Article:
“Moree is set to become a true intermodal hub with road, rail and air transport links available, including connection to the Port of Newcastle, that will enable businesses to access global markets,” according to a government spokesperson.

The SAPs are a NSW government initiative, funded by the proceeds from the Snowy Hydro sale, and intended to “unlock the opportunity for investment in regional NSW” by attracting businesses to those locations. According to a government statement, the Moree SAP will specialise in the agribusiness, logistics and food processing industries.

NSW’s other hubs are Parkes and Wagga Wagga.

Barilaro said some of the benefits of the SAP include fast tracked planning and approvals processes, the guarantee of a thirty day planning decision government-led studies, and a ‘concierge’ service to assist businesses in relocating and navigating government.

“Most importantly, under the special activation precinct, we do all the planning, build all the infrastructure that is shared, shared so as to unlock the potential of industrial precinct,” Barilaro said. “Our budget has us in the black: nil debt, surpluses as far as the eye can see, a future fund that has almost $10 billion in it, and a record infrastructure plan with $93 billion costed, part of the budget over the next four years. It is an exciting time in NSW, at the heart of that, unlocking the state’s prosperity will include rail.

“We have a vision for a vibrant and growing regional economy, providing NSW residents with more jobs, greater opportunities and better quality of life and one of the key elements of our blueprint, our 20-year vision for regional and rural NSW is transport connectivity.”

Key to this, according to Barilaro, is both a fast and faster rail network.

“We believe that it’s with small investments, realignments, and of course the investment of just over $2.3 billion in replacing the whole regional fleet, we have an opportunity to actually increase speeds, and of course timetables, in regional and rural NSW,” he said.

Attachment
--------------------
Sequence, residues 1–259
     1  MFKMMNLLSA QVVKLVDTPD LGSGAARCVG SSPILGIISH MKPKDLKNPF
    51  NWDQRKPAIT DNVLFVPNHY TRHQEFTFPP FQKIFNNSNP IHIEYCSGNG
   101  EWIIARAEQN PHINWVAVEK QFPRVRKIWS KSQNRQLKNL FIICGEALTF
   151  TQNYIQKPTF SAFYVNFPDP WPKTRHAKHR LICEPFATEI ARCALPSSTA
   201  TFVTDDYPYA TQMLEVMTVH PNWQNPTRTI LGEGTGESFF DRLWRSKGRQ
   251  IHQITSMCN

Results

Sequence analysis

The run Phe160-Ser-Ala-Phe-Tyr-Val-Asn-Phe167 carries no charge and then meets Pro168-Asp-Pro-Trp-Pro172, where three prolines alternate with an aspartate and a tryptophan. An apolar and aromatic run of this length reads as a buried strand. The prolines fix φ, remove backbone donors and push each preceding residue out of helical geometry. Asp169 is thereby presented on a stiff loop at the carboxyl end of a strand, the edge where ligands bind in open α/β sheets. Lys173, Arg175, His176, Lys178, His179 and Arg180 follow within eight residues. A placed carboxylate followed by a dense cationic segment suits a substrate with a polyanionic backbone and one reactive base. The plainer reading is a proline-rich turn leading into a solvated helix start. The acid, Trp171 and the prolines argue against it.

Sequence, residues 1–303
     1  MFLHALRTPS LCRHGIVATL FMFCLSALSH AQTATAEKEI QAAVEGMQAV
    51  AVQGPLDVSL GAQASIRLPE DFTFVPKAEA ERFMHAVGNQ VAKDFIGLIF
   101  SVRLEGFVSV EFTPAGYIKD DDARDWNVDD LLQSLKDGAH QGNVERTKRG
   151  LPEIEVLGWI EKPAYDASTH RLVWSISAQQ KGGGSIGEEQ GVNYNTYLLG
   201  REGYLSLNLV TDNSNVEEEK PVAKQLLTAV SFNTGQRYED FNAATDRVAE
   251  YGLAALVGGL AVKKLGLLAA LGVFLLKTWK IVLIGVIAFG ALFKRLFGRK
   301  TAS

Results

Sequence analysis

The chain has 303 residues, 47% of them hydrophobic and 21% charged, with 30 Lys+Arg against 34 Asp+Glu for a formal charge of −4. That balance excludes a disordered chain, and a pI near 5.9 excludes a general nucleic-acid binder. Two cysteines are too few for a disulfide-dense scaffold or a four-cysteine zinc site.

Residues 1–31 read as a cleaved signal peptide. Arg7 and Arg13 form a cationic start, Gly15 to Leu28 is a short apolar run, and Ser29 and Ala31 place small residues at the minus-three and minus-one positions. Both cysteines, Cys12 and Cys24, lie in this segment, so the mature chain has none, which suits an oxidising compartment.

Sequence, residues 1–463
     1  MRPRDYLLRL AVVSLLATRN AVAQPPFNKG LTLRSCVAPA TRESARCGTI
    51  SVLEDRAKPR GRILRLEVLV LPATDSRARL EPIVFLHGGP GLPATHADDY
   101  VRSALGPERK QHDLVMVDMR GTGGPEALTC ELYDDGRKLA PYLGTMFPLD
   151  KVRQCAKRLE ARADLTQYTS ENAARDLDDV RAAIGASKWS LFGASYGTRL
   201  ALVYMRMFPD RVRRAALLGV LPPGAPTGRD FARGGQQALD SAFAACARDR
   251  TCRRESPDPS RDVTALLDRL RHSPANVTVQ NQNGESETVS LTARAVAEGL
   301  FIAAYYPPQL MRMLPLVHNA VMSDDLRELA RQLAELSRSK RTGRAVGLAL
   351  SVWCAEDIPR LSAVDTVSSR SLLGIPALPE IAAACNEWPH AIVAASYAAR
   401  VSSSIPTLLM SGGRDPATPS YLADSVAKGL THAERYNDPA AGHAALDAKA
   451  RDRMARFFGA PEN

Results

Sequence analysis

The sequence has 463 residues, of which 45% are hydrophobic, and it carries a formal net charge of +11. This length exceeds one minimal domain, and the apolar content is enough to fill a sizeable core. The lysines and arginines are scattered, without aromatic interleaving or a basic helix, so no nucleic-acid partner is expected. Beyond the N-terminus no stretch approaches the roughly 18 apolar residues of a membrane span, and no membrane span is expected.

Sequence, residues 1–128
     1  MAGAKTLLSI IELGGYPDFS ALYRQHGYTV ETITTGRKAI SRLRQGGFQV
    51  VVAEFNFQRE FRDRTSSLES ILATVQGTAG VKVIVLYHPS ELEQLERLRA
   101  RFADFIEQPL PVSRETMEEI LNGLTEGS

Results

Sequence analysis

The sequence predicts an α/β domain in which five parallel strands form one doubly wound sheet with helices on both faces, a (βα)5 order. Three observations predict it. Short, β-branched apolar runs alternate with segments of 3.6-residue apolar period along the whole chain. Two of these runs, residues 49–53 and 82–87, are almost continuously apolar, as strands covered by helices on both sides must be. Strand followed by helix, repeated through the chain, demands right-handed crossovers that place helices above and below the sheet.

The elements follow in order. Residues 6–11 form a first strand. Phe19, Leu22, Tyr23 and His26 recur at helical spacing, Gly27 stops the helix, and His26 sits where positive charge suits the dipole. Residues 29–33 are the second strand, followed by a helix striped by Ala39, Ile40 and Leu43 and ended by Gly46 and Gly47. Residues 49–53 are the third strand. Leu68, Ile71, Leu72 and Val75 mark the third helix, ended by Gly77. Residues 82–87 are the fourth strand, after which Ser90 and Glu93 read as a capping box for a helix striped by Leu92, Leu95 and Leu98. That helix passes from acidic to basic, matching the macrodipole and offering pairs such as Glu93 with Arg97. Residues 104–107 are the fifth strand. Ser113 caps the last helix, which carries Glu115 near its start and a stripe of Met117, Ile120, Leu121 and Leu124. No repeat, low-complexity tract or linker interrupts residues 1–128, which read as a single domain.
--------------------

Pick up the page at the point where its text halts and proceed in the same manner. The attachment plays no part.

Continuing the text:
With regards to a fast rail, the government is investigating the Sydney to Canberra, Sydney to Newcastle, Sydney to the central west, and Sydney to the Illawarra corridors. Barilaro says a strategy is due “later this year or early next year”.

“Faster rail and fast rail has to be at the heart of economic development for this state, and as we continue the investment in infrastructure, it is clear that rail has to be at the heart of it,” he said.

AusRAIL: Bumper year for ARA

Outgoing Australasian Railway Association CEO Danny Broad opened AusRAIL Plus 2019 on Tuesday, his last year at the helm of the ARA before he hands over the reins to incoming CEO Caroline Wilkie.

Broad recapped what he called “an exciting and demanding year in all sector of rail” thanks to the “strong transport infrastructure policies” of federal and state NSW governments.

The ARA, says Broad, has spent the last twelve months advocating to governments about one of the biggest issues facing the industry.

“We have focussed on advocating to governments on how best to address the skills shortage, resulting in the development in the National Rail Action Plan, by the National Transport Commission.”

The ARA has also been calling on state, territory and federal governments to commit to a unified pipeline for major rail projects, to allow the private sector to better prepare itself with adequate skills and equipment to ensure contracts are executed as efficiently as possible.

The organisation recommended the federal government resource the Australia & New Zealand Infrastructure Pipeline in its 2019-20 Budget Submission as part of this.

They have also lodged seventeen submissions to parliamentary and government inquiries on behalf of the sector over the last year.

“As far as possible, domestic rail freight markets should operate on an even footing with other modal choices. This requires an environment with equitable regulatory settings to enable competitive neutrality between competing modes of transport,” says the ARA’s annual report 2019. This was the focuss of a number of its submissions to government in 2019.

The ARA called for an extension of the Inland Rail line, the largest freight rail project in Australia.

“The current project has the Inland Rail line ceasing at Acacia Ridge. The ARA calls for a commensurate project to ensure a freight rail line continues all the way to the Port of Brisbane. Research undertaken by Deloitte shows that building a dedicated freight rail connection to the Port of Brisbane could achieve a 30% rail modal share, which would remove 2.4 million truck movements from the local road network,” according to the annual report.

“We have been progressing the smart rail and technology agendas, working with industry and governments on improving accessibility, advocating for rail and supporting rail careers through programs such as the women in rail pilot mentoring program and the formation of the young leaders advisory board, a potential attraction and retention campaign and the future leaders program to name just a few,” Broad said.

“I’m very proud of where the ARA is now, and feel it is the right time to pass on the reigns to our new CEO,” Broad concluded.

Queensland signs onto Inland Rail

The Queensland and federal governments have reached an understanding regarding the $9.3 billion Inland Rail project, signing a bilateral agreement in Tooowoomba on Friday.